From the beginning, What You Get For Being Young seems to seek a balance between Herrera's early beat tracks and his later, more languid productions. Gaseous smears of brass introduce "Body Heat," before Herrera fills in the space with gentle metallic thrums. "Bank" sports a kick and the most pronounced beat on the album. But rather than act as the track's driving force, the drum is more of a maypole, with Herrera wrapping a thin, fluttering guitar line, hi-hat figure and gossamer synth around it. While it has a relaxed shuffle, "One Amongst Others" is sparse to the point of seeming unfinished.
As Being Young moves into its second half, it reveals that Herrera isn't so much interested in splitting the difference between his previous work as striking out for new spaces. At times, the album sounds like two others from this year, Max D's Boost and Prins Thomas's Principe Del Norte, albeit not so much in sound as intent. Pushing against notions of their previous work and club-friendly fare in general, these producers traveled deeper into their own minds, returning with abstract yet moving music that avoids the trappings of the dance floor.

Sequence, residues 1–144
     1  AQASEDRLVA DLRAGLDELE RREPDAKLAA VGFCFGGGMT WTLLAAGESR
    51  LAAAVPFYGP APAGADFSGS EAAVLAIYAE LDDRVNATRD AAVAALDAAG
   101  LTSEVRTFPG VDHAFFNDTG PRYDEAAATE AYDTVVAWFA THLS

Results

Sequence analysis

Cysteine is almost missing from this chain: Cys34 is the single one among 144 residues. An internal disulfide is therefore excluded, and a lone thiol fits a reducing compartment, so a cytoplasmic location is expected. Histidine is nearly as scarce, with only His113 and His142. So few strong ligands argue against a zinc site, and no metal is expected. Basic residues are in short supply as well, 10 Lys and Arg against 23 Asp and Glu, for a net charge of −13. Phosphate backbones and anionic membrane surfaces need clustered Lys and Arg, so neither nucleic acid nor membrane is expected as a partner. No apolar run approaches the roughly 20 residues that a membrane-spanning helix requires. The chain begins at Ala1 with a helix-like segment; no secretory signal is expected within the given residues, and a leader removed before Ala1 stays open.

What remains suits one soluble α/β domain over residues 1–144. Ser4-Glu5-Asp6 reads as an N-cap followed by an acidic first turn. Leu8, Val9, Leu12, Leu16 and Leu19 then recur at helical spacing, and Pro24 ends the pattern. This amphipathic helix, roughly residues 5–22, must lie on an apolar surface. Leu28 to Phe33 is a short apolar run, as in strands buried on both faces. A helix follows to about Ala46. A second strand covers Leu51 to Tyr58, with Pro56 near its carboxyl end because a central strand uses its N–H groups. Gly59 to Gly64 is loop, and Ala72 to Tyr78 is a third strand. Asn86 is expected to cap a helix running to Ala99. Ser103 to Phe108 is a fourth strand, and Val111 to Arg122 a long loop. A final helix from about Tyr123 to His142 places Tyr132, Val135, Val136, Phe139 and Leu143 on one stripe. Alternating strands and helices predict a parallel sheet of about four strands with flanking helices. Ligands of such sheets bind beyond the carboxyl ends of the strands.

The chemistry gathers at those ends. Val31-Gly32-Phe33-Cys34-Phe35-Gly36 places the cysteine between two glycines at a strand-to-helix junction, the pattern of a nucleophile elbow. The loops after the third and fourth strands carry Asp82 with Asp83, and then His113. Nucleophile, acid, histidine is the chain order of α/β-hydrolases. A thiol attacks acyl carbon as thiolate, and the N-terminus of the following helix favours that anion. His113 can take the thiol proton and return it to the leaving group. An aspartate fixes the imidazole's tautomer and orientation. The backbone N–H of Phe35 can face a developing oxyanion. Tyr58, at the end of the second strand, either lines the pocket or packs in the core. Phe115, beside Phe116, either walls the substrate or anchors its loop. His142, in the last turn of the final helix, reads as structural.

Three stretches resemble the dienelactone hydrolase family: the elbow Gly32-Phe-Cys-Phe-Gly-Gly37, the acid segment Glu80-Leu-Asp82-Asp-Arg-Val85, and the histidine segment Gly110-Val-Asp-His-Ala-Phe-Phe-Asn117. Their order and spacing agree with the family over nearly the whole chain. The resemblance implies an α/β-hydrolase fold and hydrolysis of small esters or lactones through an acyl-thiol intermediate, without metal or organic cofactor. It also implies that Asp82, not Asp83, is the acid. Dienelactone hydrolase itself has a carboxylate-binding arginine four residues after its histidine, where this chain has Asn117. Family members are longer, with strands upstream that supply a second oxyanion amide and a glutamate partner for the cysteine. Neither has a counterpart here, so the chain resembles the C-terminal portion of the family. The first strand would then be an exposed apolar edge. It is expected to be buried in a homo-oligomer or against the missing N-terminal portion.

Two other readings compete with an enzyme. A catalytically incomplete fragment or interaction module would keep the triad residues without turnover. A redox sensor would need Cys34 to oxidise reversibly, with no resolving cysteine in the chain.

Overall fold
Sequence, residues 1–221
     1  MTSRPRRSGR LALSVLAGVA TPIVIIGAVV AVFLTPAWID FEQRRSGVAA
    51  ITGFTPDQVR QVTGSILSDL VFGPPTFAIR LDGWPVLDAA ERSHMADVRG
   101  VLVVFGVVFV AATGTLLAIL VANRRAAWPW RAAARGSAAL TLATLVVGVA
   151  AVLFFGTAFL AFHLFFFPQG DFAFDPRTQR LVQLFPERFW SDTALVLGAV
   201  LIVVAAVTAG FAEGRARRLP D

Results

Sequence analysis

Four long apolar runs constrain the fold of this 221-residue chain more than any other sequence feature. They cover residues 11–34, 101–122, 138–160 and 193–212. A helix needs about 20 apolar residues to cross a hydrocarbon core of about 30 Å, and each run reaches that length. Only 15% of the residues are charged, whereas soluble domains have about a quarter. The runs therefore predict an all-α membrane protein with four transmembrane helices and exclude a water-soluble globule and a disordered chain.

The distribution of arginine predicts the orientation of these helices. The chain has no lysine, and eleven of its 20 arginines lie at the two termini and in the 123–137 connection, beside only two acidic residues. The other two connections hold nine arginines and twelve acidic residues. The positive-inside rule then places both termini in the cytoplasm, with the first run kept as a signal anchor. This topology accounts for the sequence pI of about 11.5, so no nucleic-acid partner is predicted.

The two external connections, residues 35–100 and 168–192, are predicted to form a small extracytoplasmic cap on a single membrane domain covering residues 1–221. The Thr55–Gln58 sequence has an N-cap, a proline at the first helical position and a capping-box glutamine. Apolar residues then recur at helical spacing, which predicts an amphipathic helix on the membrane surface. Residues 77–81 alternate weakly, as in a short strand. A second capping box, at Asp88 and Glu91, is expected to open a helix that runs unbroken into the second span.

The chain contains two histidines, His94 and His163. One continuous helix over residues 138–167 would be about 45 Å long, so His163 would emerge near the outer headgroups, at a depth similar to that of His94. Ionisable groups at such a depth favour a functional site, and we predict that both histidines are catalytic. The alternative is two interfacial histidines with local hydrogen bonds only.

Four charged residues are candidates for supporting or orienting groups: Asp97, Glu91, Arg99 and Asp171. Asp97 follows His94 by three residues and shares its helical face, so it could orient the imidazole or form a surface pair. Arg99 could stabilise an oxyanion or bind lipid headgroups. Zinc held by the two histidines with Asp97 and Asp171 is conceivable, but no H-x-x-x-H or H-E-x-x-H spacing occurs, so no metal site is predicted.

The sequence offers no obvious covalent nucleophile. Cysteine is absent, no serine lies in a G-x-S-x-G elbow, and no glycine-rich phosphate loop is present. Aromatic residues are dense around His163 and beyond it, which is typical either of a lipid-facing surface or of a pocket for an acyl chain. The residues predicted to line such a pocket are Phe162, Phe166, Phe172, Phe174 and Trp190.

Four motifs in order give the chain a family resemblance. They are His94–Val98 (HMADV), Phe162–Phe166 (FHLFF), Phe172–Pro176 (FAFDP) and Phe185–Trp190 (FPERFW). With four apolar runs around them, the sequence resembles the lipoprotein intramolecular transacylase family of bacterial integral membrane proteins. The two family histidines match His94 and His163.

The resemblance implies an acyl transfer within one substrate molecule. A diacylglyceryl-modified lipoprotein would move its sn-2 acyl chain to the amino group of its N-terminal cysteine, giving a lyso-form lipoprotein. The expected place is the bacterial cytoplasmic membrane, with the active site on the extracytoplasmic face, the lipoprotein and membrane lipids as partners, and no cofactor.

There's a nimble 5/4 beat underpinning "Scripted Space," but it's buried so deep beneath the layers of digital keys and guitar as to be almost subliminal. "Zé" might be the best iteration of Herrera's newfound head music. Deep and meditative bass tones swell in and out of range at the start of the six-minute track, before mixing with treated piano and electro-acoustic outbursts that Herrera twists and flips across the stereo field. The three components couldn't be more different, yet he makes them all coexist as the slow waves return at track's end. At the end of Being Young, "Further" is dreamy with a fidgety middle section. Herrera then nudges the track back towards the ambient for the finale, showing just how comfortable he's become with his maturity.